Almost no event in fiction grabs me more than the collapse of society. Something about how people live when the structures of our society collapse always pulls me in. Seeing the things characters view as important or unimportant after all of the comforts of every day life start to fade away. I do not want civilization to crumble, by any means, but it always makes me wonder about what type of person I would be in that situation.
Anyway, that is why I bought a copy of The Stand about a decade ago in a used bookstore. It was a perfect pick to throw on my shelf, sitting there for an occasional glance at the page count followed by a “Eh, I’ll get to it some day.” Well, I finally did it. This is my third Stephen King, the other two being Salem’s Lot and The Shining, and I am still pretty mixed on him as a writer. Now, I did read the Complete and Uncut Edition, so I probably read through a bit of chuff that was cut from the original version. I think I loved the first third of this book, mostly enjoyed the middle third, and was pretty let down by the last third.
There is a lot of slow, patient setup of the main characters for a few weeks leading up to a worldwide pandemic that kills off 99% of the population in a matter of weeks. It is a couple hundred pages in before the flu outbreak turns into a full global disaster, and the process of the world falling apart and how our four point of view characters deal with it. After living through a pandemic, it is easy to relate and crazy to think about how things could have gotten even worse. The flu runs its course fairly quickly and we’re left with our four protagonists, and the other 1% that are still alive. They all begin to be troubled by mysterious dreams which hint at a bigger conflict between good and evil. <Spoiler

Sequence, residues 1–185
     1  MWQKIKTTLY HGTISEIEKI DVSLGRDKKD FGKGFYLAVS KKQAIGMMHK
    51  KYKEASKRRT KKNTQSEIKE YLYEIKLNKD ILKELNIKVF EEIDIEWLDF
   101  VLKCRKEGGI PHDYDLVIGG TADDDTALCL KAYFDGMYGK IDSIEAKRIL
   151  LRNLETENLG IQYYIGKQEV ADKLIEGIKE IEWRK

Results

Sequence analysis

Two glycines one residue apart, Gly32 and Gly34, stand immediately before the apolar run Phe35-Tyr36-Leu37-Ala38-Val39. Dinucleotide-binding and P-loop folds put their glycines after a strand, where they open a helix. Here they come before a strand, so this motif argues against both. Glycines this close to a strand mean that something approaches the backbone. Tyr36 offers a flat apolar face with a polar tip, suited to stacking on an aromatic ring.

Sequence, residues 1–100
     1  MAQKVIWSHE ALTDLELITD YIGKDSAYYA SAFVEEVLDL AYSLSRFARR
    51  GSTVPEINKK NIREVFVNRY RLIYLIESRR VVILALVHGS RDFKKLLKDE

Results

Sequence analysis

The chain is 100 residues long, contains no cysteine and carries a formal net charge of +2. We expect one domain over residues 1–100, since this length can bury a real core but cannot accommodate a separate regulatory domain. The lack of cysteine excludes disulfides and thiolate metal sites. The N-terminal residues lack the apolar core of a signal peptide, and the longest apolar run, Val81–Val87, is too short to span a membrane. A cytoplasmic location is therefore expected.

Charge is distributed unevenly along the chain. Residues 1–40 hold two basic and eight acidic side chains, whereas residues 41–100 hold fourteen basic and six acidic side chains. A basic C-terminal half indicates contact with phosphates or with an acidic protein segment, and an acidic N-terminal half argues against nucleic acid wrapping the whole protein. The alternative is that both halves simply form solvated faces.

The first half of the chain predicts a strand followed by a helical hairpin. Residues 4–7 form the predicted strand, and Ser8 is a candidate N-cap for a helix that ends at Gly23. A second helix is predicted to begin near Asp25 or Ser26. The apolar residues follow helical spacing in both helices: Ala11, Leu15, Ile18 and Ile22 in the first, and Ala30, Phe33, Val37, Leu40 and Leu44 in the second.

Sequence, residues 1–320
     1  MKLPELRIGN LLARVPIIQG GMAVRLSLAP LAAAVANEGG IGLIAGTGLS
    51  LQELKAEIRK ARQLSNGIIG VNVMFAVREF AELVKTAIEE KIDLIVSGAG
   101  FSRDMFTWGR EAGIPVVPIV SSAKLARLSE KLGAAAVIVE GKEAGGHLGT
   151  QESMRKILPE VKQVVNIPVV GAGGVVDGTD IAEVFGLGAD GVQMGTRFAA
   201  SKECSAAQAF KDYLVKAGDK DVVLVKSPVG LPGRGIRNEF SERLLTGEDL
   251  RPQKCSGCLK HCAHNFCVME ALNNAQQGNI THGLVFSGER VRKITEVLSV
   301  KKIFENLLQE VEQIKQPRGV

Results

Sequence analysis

There are some problematic elements in this book. I don’t know if King got any better at writing female characters later in his career, but they’re not great here. There is also a significant character with an intellectual disability, which leads to a lot of insulting language and usage of terms that are pejorative. It was not enough to ruin the book for me, but it’s not great.